On Tuesday, February 7, Governor Wolf gave his third budget address since being elected Governor. And the Governor held true to his word that he would not seek an increase in the tax rates for income or sales.
Instead, the Governor proposed some consolidations (combining 4 departments – Health, Human Services, Aging and Drug & Alcohol – into one) and closings (closing a prison in western Pennsylvania) which would incur some savings. Additionally, the Governor proposed some new revenue options like internet gaming (approximately $150 million in estimated revenue) and also charging a $25 per resident fee if you live in a municipality which uses the state police for PRIMARY protection.
And while I must STRESS to you that this is merely just his PROPOSAL, the Governor also wants to change state tax credits offered to businesses and other groups by 20 percent. This “cost-savings proposal” would convert an array of state tax credits into a block grant. That would enable Wolf Cabinet officials to give priority to those tax credits providing the greatest opportunities for business investment, education access and community development. The state revenue available to support these tax credits would be reduced by $100 million next year from a current level of nearly $500 million if lawmakers adopt the proposal.
Department secretaries also would give priority to funding tax credits based in part on their performance in meeting goals and the demand for them, said state Budget Secretary Randy Albright.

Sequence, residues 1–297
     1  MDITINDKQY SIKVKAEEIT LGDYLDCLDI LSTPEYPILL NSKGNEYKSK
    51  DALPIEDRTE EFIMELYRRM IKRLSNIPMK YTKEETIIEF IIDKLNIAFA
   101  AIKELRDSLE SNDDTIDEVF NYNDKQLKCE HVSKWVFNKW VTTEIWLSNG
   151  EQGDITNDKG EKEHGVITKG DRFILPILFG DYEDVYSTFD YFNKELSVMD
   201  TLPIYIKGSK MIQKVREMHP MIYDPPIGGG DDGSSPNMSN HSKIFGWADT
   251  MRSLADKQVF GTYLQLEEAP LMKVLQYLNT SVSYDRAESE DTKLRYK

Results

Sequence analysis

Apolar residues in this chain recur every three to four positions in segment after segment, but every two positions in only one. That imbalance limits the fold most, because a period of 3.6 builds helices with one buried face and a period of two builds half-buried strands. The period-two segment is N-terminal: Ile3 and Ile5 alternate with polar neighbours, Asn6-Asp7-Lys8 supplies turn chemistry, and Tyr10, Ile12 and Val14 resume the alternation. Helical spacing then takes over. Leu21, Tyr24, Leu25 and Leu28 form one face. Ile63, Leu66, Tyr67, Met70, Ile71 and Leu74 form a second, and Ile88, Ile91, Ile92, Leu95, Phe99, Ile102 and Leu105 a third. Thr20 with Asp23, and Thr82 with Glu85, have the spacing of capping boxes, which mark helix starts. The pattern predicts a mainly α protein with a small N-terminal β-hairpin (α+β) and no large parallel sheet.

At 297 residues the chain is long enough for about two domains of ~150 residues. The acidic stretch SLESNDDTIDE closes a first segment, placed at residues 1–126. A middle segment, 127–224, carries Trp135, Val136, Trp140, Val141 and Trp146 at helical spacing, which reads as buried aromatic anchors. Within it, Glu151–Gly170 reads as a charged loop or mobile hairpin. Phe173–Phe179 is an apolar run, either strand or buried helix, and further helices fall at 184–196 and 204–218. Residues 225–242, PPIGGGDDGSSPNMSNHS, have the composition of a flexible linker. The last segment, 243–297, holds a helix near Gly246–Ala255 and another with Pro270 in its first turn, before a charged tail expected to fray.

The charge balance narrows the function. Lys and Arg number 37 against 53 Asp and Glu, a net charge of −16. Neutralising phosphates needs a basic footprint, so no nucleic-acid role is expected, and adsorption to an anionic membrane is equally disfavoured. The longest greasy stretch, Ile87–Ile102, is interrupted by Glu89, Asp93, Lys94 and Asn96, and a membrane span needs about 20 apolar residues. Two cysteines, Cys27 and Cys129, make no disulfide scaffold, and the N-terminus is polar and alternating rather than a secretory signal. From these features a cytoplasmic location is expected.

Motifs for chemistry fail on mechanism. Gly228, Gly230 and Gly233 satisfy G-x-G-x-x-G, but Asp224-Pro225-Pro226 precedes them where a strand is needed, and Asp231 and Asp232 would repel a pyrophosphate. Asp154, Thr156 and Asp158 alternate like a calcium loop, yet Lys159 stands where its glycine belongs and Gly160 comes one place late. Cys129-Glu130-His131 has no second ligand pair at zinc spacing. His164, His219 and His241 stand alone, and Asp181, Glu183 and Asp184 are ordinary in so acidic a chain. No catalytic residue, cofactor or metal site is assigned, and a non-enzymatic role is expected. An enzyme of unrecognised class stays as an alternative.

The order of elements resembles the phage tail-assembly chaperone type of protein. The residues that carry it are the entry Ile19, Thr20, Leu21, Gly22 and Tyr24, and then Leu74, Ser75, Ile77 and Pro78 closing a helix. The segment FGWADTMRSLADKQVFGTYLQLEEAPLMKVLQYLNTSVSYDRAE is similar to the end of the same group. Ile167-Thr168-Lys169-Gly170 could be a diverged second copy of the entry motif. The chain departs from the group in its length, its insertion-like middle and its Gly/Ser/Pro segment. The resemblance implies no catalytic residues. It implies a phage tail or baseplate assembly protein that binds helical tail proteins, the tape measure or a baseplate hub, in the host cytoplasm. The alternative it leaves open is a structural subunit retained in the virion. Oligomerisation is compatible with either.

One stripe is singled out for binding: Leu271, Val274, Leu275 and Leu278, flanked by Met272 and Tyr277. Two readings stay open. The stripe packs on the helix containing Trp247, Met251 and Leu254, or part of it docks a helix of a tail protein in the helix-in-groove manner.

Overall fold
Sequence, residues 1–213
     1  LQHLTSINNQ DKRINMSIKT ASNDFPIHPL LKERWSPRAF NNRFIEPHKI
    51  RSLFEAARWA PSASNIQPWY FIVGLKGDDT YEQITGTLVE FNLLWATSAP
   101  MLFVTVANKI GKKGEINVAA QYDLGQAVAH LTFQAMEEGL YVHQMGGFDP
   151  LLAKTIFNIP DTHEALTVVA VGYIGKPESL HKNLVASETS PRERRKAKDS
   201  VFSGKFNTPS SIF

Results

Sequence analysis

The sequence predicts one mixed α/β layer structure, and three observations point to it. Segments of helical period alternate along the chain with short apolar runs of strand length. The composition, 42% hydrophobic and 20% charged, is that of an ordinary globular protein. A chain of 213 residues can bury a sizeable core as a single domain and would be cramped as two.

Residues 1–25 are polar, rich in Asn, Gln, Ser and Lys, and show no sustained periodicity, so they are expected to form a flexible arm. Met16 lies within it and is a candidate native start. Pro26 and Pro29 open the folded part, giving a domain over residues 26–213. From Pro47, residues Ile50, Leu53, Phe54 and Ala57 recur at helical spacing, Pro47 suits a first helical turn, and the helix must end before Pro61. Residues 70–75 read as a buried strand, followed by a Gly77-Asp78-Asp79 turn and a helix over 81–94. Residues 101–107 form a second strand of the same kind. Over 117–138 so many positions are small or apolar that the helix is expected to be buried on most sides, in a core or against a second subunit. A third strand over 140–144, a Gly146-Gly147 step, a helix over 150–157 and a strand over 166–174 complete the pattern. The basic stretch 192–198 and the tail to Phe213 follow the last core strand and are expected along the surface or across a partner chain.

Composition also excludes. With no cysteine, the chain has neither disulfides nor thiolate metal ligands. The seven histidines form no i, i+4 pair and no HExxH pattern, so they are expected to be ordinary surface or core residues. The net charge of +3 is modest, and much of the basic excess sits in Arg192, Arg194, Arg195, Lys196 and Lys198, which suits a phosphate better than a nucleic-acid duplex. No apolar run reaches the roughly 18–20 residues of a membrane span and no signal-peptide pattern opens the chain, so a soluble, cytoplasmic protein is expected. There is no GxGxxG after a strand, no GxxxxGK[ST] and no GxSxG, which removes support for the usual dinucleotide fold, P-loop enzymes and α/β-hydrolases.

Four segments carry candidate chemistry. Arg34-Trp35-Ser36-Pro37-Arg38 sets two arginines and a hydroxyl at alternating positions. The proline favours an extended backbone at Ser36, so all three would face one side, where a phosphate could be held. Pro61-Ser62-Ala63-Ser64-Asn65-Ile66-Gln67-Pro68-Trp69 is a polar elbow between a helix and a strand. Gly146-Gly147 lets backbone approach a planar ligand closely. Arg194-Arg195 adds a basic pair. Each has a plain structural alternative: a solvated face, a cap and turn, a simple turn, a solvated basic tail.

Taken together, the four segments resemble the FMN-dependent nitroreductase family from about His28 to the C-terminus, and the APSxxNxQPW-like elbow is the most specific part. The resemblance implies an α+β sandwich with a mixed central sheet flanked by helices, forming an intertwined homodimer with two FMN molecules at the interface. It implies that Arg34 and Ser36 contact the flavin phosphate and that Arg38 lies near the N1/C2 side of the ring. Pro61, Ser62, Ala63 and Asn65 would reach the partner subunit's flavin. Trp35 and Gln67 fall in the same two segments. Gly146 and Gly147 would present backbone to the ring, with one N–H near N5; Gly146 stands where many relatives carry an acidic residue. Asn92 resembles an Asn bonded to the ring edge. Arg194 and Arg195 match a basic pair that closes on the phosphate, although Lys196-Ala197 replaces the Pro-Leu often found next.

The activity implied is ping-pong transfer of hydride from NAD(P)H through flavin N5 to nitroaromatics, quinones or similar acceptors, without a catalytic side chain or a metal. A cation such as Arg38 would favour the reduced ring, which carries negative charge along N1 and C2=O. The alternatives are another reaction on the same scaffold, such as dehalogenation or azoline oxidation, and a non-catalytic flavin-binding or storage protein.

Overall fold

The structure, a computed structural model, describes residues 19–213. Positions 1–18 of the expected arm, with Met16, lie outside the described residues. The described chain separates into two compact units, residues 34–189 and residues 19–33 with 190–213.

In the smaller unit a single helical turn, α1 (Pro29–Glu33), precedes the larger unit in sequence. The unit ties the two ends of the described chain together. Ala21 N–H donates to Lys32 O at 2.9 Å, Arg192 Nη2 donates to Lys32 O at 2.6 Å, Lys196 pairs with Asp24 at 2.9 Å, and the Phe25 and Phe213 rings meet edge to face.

Listed individually, the Governor still “allocated” $65 million to the film tax credit; as well as new job tax credit, $10 million; research and development, $55 million; Keystone Opportunity Zones, $78 million; educational improvement, $125 million; educational opportunity scholarship tax, $50 million; historic preservation incentive, $3 million; and coal refuse energy and reclamation, $10 million.
The important thing to note, again, is that this is just his proposal and details are still limited. More importantly, the governor’s tax credit proposal is already receiving pushback from lawmakers. And YOUR association, PaFIA, is meeting with legislators, the Governor’s office, and the Department of Community and Economic Development to voice our concerns with the block grant approach. PaFIA is also expressing appreciation for the program and sharing positive stories of film industry growth and progress over the years.
Pennsylvania Film Industry Association (PAFIA)461 Cochran Road, Box 246Pittsburgh, PA 15228(717) 833-4561 email@example.com